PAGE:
Stay tuned to this blog series as I explain further how ITinvolve’s “peer review” approach is critical for success in applying the power of social IT collaboration to manage requests better, resolve incidents faster and make changes with confidence.

Be sure to take the IT service industry’s first Social IT Maturity Assessment.  You’ll get an immediate summary of your social IT status and gain a better understanding of how Social IT can help transform your workplace.

Michael Mychalczuk,
Senior Director, Product Management

30 Days to Better IT Visibility Through Peer Review and Collaboration

Tuesday, January 29th, 2013

Sound too good to be true?  Not with social IT collaboration solutions from ITinvolve.

That’s because ITinvolve has taken a very different approach to leveraging newer social technologies and putting them to work in the IT department to improve productivity and decision-making.   Social knowledge management capabilities such as those offered by ITinvolve are uniquely designed to help IT executives, managers and admins find better ways of understanding their environments and establish a far more trusted set of knowledge for day-to-day operations in less than 30 days.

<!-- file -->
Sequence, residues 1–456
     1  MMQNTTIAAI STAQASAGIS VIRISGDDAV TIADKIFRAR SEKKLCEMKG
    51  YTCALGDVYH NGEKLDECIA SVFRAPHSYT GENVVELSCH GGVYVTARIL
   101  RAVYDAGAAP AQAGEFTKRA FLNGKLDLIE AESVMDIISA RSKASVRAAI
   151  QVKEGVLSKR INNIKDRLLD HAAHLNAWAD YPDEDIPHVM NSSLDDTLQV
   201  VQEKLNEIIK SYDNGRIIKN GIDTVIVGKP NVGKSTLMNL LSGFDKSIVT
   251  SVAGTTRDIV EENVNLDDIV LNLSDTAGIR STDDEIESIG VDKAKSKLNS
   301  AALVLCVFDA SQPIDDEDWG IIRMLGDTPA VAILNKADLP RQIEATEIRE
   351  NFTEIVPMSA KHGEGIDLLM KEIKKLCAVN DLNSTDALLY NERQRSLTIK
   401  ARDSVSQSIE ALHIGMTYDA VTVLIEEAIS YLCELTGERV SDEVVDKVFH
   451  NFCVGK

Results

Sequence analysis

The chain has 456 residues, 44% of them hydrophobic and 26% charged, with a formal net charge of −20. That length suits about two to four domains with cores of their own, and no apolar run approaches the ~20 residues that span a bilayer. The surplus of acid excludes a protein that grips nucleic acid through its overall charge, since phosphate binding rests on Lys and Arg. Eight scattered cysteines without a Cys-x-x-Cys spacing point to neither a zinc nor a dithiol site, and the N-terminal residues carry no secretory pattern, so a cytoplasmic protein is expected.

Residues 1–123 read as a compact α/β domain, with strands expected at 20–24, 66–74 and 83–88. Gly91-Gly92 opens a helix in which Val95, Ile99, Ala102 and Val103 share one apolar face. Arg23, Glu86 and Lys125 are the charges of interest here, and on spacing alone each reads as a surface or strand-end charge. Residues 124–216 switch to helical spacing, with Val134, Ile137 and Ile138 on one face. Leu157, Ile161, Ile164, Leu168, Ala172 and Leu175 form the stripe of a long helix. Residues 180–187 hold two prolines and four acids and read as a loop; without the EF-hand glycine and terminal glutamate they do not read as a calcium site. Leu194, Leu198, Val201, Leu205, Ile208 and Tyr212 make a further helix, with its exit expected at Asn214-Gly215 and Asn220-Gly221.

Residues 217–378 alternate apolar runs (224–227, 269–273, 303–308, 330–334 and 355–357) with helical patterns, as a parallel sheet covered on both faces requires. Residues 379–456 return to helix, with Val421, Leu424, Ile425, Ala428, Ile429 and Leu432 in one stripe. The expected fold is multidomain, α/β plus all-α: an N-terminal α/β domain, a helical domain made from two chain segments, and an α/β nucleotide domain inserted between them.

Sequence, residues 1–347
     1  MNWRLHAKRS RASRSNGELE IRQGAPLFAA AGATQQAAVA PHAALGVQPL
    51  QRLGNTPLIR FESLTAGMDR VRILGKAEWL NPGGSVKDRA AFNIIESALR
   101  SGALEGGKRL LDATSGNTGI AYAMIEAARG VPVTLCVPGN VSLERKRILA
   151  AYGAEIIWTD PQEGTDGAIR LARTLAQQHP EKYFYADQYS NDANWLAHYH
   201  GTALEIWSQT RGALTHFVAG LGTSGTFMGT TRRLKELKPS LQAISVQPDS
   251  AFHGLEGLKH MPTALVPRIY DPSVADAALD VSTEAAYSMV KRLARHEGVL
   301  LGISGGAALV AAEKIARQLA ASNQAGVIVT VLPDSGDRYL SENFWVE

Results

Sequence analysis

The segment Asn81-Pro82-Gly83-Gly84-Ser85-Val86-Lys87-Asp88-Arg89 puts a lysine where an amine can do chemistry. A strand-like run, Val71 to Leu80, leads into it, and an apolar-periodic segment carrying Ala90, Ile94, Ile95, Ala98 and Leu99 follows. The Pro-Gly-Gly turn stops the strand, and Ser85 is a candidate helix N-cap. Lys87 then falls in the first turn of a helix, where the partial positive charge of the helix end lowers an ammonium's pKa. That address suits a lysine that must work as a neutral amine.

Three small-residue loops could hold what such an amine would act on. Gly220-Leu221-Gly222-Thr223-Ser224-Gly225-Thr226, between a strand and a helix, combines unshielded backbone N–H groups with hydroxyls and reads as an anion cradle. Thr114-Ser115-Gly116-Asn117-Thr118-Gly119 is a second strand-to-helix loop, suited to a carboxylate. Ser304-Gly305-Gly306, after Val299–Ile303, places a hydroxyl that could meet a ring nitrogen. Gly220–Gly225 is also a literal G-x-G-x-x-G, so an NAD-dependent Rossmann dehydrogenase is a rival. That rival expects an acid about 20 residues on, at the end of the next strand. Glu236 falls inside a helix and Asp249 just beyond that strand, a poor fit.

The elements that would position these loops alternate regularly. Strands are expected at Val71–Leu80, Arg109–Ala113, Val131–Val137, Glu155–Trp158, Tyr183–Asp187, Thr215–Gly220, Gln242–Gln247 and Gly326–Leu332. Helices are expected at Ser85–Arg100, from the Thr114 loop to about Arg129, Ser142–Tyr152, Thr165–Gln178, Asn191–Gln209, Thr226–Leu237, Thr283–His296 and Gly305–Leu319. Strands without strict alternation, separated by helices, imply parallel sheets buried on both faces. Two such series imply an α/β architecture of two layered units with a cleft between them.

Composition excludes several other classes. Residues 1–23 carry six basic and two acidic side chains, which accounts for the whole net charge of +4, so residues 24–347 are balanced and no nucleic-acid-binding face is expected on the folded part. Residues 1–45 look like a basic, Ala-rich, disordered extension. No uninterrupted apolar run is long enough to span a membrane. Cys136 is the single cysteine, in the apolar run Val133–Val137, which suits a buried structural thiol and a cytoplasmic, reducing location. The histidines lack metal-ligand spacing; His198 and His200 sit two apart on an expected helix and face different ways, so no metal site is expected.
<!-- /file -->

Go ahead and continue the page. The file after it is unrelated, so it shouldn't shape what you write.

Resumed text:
We explain this key differentiator in the newly released thought leadership white paper called, “From Many — One Trusted Source: 30 Days to Better IT Visibility Through Peer Review and Collaboration.”  In the whitepaper we describe how our unique approach to finding the elusive “single version of the truth” stands out from other so-called collaboration tools.  It details how our approach to social IT functions much like a peer review process that addresses the one underlying issue not always acknowledged in the discussion of social collaboration today:  Collaboration is only as effective as the knowledge that is trusted and shared among those participating.

At ITinvolve, we recognize it’s nearly impossible to make informed decisions and work productively without a trusted source of key knowledge that accurately describes the environment that we are working in.  By offering a Social Knowledge Management solution that helps your IT staff and stakeholders work from the same basic understanding of reality, you gain a huge advantage compared to purely mechanistic knowledge systems such as CMDBs or the crowdsourcing chaos of conflicting voices exhibited by bolted on social media newsfeeds and private walls.